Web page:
Approximately half of ISG revenue is generated by sales to customers in the Americas, with the remaining portion derived from sales to customers in the Europe, Middle East, and Africa region (“EMEA”) and the Asia-Pacific and Japan region (“APJ”).

Client Solutions Group (“CSG”) — CSG includes branded hardware (such as desktops, workstations, and notebooks) and branded peripherals (such as displays and projectors), as well as third-party software and peripherals. Our computing devices are designed with our commercial and consumer customers’ needs in mind, and we seek to optimize performance, reliability, manageability, design, and security. In addition to our traditional hardware business, we have a portfolio of thin client offerings that we believe will allow us to benefit from the growth trends in cloud computing. For our customers that are seeking to simplify client lifecycle management, Dell PC as a Service offering combines hardware, software, lifecycle services, and financing into one all-encompassing solution that provides predictable pricing per seat per month. CSG also offers attached software, peripherals, and services, including support and deployment, configuration, and extended warranty services.

Approximately half of CSG revenue is generated by sales to customers in the Americas, with the remaining portion derived from sales to customers in EMEA and APJ.

VMware — The VMware reportable segment (“VMware”) reflects the operations of VMware, Inc. (NYSE: VMW) within Dell Technologies. VMware works with customers in the areas of hybrid and multi-cloud, modern applications, networking, security, and digital workspaces, helping customers manage their IT resources across private clouds and complex multi-cloud, multi-device environments. VMware’s portfolio supports and addresses the key IT priorities of customers: accelerating their cloud journey, migrating and modernizing their applications, empowering digital workspaces, transforming networking, and embracing intrinsic security. VMware enables its customers to digitally transform their operations as they ready their applications, infrastructure, and employees for constantly evolving business needs.

During the third quarter of Fiscal 2020, VMware, Inc. completed its acquisition of Carbon Black, Inc. (“Carbon Black”), a developer of cloud-native endpoint protection.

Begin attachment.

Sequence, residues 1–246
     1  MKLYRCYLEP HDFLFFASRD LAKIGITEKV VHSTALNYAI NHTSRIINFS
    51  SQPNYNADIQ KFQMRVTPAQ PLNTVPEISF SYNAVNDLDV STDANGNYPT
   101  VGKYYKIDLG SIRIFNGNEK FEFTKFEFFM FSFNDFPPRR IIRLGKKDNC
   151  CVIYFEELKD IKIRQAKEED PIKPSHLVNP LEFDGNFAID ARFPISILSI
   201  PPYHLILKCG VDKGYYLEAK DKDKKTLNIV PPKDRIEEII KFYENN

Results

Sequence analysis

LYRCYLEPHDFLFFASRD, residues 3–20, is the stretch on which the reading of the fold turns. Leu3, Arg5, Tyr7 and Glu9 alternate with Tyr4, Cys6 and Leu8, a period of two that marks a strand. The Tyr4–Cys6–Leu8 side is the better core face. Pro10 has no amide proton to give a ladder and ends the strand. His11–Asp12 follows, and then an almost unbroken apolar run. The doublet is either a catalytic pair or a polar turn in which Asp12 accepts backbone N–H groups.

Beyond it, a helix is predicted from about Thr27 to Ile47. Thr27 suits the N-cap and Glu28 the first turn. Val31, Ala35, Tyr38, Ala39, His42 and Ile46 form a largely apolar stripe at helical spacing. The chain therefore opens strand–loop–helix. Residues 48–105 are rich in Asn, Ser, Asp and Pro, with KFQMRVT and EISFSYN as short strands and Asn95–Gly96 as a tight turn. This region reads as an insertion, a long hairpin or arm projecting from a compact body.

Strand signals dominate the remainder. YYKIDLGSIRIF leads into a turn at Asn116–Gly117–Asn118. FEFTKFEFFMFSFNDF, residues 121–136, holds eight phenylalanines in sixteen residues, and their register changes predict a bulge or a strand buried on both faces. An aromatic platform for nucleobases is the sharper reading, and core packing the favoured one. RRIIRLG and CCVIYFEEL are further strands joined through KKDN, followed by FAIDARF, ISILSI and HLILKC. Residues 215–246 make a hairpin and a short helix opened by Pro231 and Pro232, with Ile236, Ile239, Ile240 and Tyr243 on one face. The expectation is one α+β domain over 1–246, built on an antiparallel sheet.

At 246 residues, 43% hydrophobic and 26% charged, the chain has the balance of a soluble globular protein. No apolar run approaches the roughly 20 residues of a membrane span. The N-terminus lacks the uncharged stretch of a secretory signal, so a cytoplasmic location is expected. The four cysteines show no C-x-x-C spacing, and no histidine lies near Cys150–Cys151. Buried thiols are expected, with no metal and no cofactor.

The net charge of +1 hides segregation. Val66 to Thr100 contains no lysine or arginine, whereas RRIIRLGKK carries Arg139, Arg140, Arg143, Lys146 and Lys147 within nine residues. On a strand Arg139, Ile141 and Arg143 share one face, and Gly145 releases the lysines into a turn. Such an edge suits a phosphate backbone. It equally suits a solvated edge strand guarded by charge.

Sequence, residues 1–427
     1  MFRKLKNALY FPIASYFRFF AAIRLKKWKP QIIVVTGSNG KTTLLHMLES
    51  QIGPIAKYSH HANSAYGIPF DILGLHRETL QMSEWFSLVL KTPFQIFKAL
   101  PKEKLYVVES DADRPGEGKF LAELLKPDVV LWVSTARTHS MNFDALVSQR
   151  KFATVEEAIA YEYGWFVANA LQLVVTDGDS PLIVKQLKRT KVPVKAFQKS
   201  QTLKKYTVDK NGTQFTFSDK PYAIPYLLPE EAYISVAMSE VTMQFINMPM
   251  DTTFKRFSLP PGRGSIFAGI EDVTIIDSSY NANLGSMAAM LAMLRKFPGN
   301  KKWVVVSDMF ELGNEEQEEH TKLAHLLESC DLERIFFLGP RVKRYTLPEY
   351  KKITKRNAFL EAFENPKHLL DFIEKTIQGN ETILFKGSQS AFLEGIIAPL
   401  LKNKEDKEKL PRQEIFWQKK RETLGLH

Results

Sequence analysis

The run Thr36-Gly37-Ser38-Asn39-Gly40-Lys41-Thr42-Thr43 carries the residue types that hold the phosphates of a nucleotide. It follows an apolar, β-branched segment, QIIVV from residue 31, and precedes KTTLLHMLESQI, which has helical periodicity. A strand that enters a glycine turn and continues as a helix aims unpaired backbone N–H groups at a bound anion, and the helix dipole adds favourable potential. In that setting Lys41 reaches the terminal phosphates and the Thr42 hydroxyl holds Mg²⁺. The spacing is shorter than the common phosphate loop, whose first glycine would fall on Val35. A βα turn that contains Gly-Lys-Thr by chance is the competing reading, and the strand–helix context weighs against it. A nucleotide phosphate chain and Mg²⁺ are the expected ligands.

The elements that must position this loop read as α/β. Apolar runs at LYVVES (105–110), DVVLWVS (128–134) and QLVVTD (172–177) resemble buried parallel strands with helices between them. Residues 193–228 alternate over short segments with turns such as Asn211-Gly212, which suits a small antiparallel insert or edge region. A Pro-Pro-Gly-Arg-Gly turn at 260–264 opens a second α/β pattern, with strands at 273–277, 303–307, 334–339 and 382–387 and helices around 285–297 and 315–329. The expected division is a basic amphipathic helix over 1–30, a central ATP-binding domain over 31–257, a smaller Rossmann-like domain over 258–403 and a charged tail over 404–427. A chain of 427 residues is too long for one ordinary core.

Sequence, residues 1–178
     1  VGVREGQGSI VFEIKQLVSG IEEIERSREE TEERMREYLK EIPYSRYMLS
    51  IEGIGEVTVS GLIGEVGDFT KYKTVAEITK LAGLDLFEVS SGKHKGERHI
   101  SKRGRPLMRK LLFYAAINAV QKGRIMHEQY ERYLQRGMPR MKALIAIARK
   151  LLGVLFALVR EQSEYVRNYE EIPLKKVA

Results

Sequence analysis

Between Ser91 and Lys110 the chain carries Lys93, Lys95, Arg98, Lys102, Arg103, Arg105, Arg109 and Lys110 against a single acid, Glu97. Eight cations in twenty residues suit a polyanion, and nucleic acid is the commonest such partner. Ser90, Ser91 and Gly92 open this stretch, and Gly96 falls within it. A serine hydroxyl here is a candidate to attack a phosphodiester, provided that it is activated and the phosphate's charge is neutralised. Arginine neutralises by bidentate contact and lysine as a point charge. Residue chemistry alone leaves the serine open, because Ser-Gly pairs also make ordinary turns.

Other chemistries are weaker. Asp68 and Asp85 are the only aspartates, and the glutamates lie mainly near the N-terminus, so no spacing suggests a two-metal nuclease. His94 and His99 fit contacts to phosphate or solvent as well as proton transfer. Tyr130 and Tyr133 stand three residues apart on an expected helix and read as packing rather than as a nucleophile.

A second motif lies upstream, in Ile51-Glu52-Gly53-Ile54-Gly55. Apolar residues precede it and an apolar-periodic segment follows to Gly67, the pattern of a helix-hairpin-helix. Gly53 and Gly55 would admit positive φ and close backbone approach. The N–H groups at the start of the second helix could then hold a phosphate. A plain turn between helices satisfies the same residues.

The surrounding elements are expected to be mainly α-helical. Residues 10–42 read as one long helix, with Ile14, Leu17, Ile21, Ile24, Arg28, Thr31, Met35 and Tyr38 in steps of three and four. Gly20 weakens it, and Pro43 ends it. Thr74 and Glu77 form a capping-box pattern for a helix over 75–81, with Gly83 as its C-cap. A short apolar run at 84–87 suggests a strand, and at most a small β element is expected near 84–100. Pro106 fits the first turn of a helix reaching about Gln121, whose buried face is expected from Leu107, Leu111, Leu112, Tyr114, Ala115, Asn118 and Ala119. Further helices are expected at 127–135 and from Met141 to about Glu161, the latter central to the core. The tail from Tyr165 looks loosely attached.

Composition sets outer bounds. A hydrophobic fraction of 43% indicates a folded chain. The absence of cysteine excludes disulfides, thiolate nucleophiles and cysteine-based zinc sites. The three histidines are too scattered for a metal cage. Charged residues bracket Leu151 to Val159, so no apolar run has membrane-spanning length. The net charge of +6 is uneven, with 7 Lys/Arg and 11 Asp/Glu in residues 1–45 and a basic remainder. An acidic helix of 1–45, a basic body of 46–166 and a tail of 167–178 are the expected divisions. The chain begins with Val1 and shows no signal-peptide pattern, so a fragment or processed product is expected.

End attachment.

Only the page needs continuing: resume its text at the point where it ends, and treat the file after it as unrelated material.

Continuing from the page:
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On December 30, 2019, VMware, Inc. completed its acquisition of Pivotal, Inc. (“Pivotal”). Before the transaction, Pivotal was a majority-owned subsidiary of Dell Technologies through EMC and VMware, Inc. Pivotal provides a leading cloud-native platform that makes software development and IT operations a strategic advantage for customers. Pivotal’s cloud-native platform, Pivotal Cloud Foundry, accelerates and streamlines software development by reducing the complexity of building, deploying and operating new cloud-native applications, and modernizing legacy applications. With the acquisition, which aligns key software assets, VMware, Inc. builds on a comprehensive development platform with Kubernetes.

Dell Technologies now reports Pivotal results within the VMware reportable segment, and the historical segment results were recast to reflect this change. Pivotal results were previously reported within Other businesses. See Note 19 of the Notes to the Consolidated Financial Statements included in this report for the recast of segment results.

Approximately half of VMware revenue is generated by sales to customers in the United States.

Our other businesses, described below, consist of product and service offerings of Secureworks, Virtustream, and Boomi, each of which is majority-owned by Dell Technologies. These businesses are not classified as reportable segments, either individually or collectively, as the results of the businesses are not material to our overall results and the businesses do not meet the criteria for reportable segments.